[Radio]How to Improve Your Car Radio Reception?

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[Radio]How to Improve Your Car Radio Reception?

Postby admin » Tue Dec 29, 2015 7:20 am

If you have every experienced annoying signal drops, “picket fencing,” or interference, when trying to listen to your car radio, then there’s a pretty good chance it was caused by something that you can’t really do anything about. Depending on whether you’re trying to tune in to your favorite talk show on the AM band, or listen to some music on the FM band, anything from tall buildings to solar flares can adversely affect your listening experience. And unless you have a whole lot more pull with the local zoning board than I do—or you’ve figured out how to control the sun with the power of your mind—most of those issues are going to fall solidly on the “can’t do anything about that” side of the line.

Of course, there are a number of more mundane, easily fixed reasons for poor car radio reception. So before you go all Wreck It Ralph on some poor building that’s standing between you and your favorite radio station, check out these five ways to improve your car radio reception (listed in increasing order of difficulty and cost):

1. Make sure your antenna mast is extended
If your car has a manual or electric retractable antenna mast, and your radio reception has been suffering lately, then the first thing to check is whether the mast is extended. This may sound like extremely basic stuff, but it’s actually surprisingly common for manual antennas to be retracted and then left that way. Since there isn’t any mechanism to prevent these masts from being retracted, anyone can walk by and shove your antenna down. It’s especially common for car wash attendants to push these in to keep them from breaking off in the wash, and if someone doesn’t remember to pull it back out on the other side, it’s pretty easy to just drive away none the wiser.

Electric antennas that extend when the radio is turned on can also fail in the down position, in which case your radio reception will probably be pretty bad. And since a lot of these antennas are outside your normal field of vision, you may not even notice that the motor is broken unless you specifically go looking for it.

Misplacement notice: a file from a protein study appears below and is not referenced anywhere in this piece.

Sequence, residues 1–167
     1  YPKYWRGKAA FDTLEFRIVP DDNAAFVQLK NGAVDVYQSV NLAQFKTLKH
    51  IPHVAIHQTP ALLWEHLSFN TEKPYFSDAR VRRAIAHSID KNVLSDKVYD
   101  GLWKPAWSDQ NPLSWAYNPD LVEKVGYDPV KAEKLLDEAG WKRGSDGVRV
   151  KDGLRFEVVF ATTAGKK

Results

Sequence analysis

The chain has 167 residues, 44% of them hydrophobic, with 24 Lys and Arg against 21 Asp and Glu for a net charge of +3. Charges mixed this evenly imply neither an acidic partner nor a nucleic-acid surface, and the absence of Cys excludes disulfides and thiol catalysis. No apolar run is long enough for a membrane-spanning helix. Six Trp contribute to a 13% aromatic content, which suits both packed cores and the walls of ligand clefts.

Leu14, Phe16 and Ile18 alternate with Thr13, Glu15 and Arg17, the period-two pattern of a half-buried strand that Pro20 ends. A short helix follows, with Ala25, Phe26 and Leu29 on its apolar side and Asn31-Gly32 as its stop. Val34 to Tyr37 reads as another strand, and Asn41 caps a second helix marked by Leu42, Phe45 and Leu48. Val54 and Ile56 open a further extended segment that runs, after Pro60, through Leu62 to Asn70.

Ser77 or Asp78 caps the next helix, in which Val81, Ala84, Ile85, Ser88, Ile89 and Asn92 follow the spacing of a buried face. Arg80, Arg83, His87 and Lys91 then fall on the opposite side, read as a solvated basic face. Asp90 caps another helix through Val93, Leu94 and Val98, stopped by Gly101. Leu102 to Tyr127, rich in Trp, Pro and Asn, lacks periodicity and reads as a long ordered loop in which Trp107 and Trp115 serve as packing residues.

2. Check your antenna connections
One of the most common causes of poor car radio reception is a poor antenna connection. If the antenna cable is poorly seated in your head unit, or any of the connections are loose, worn, or corroded, you’ll often find it difficult to tune into your favorite station.

The first thing to check is the connection between the antenna cable and the back of your head unit. If that’s properly seated, then you may want to find a station you can tune into and then gently wiggle the antenna itself back and forth. If the connection is solid, you shouldn’t notice anything. If the connection is loose, you’ll probably notice the tuner drop and then reacquire the signal. If that happens, you should tighten the antenna and check the grounds.

And some cars may original with powered antenna, which will require power up, just as the following video shows:

3. Get a new antenna
When inspecting your antenna connections, you may find that your antenna mounting hardware or mast is corroded, rusted, or broken in some other new and exciting way. In that case, replacing the antenna will usually do the trick. Since rust and corrosion can prevent the antenna from making a good connection with your head unit, simply replacing the unit will often result in better reception.

There are also a handful of other cases that call for a new antenna. For instance, some cars come with “grid style” antennas mounted to the rear window glass instead of old fashioned whip or mast antennas. These flat antennas have some aesthetic benefits, and they can’t be broken off by a car wash or a vandal, but they often suffer from poor reception in big cities or hilly areas. In some cases, an old fashioned whip antenna will provide better reception.

4. Install a signal booster
Radio signal boosters are far from a panacea for poor reception, but there are specific circumstances where they will cure what ails you. If you can receive a signal from a particular station, but it’s especially weak, then a signal booster might improve your reception. However, boosters won’t do anything for you if the issue has to do with obstructions like tall buildings and hills.

5. Get a new head unit
On the whole, the radio tuners in car head units are streets ahead of home radios. There are plenty of edge cases and exceptions, but even a cheap digital head unit has a whole lot more going on under the hood than your average clock radio or boom box.

That being said, not all head unit radio tuners are created equal. So if you’ve checked everything else, and you can’t blame your reception issues on the rain (or the tall buildings, or the nearby hills), then your head unit might be the problem. Some low end budget head units skimp on the radio tuner quality, and it probably goes without saying that older, analog tuners usually aren’t as good as newer digital tuner.

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